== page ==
Silicon was written for the BBC Philharmonic. It was premiered on 29th October, 2022, conducted by Vimbayi Kaziboni, at the Bridgewater Hall, Manchester, UK.
"fabulously inventive and gigantically imaginative" - BBC Radio 3
"what really strikes me is the humanity of the music. (...) The orchestra is interacting with its machine-gaze reflection, its own historical existence, its own refracted past." - Bachtrack
Silicon is music about the orchestra, about technology, and about what an orchestra might be in the age of rapidly advancing artificial intelligence (AI). It is also music that uses technology; AI permeates this piece from start to finish, from top to bottom, as composer, instrument, performer, improviser, and inspiration. Like all technologies, AI reflects the values and interests of the society that creates it and throughout Silicon it primarily acts as a mirror through which I re-examine the orchestra.
This piece is also a tribute to the symphony, although I don’t know whether that makes it a symphony itself. It does have some of the trappings of an 18th-century symphony. However, if Silicon is a symphony, it’s one for those who grew up in the Internet age like me - an age of social media-induced numbness, information overload, a vanishingly uncertain future, and an overbearing, immutable past that can often feel oppressive in its ubiquity. Like the Internet, the orchestra contains near-infinite possibilities, a deep history, and many biases.
The first movement, ‘Mind’, relates to the future and the past. Often, the benchmark for a ‘successful AI’ is how convincingly it can copy something that already exists, such as a Beethoven symphony, a Rembrandt painting, or someone’s face and voice. This movement uses an AI that creates musical scores. Almost always, these come out in the style of an existing (long dead) composer, but with uncanny twists: sometimes the music will suddenly begin travelling backwards through time, to obsessively repeat over one idea, or to begin referencing itself. I wondered what this says about the music that orchestras play, and the way that AI is designed today. As a living composer, the last thing I want to do is recreate what already exists. This movement, therefore, tries to make something new out of something old. It begins with simple material played by the orchestra, composed in turn by myself and AI, but quickly falls down a rabbit-hole to somewhere both utterly alien and inescapably familiar.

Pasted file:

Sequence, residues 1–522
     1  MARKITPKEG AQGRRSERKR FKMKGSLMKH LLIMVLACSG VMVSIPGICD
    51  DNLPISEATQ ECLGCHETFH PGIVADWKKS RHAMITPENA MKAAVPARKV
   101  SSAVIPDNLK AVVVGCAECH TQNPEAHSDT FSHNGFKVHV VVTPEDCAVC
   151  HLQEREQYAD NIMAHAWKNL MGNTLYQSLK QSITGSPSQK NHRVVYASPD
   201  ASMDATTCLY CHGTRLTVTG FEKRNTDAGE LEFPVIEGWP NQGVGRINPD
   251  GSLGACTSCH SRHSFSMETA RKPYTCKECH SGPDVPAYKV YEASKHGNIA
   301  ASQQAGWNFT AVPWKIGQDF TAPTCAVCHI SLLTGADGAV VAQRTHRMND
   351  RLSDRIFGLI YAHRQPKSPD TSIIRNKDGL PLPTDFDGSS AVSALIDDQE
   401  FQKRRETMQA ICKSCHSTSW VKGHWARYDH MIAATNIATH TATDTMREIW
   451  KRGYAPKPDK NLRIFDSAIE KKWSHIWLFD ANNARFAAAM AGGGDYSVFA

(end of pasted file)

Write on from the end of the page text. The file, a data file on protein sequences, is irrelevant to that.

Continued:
Movement II, ‘Body’, is primarily concerned with fakeness, authenticity, and control. AI is used constantly to create fake, or ‘deepfake’, content online - I wanted to explore the idea of fake music, which is both funny and unsettling. There’s a prominent AI-powered instrument, made specifically for this performance, morphing between the sounds of the human players. The piece spins between several deepfake dance styles at the speed of a social media algorithm with a disappearing attention span, but the orchestra, like a marionette, is always beholden to the AI lurking in the background.
‘Soul’, the last movement, is the most direct example of AI acting as a mirror for the orchestra. Specifically, it acts as a mirror for this orchestra: the BBC Philharmonic. We hear, alongside the physical players, the sounds of an AI that has listened to and learned from decades of BBC Philharmonic radio broadcasts. AI does not distinguish between ‘sound’ and ‘music’ in the way that humans do, and so in amongst the eerie, brash, beautiful, and lyrical AI-generated orchestral sounds are the phantom voices of radio presenters, the solemn act of tuning up, and the applause and cheers that it has learned from you - the audience. To me, these sonic rituals are the fingerprints of the BBC Philharmonic and get to the heart of what an orchestral performance really is - an act of community. Perhaps one future for this technology is its inclusion in and contribution to this community.
Duration - 40 minutes approx.
In three movements
Eb Cl. (+Bb)/Bb Cl./B.Cl. (+C.bass Cl.)
pno. + synth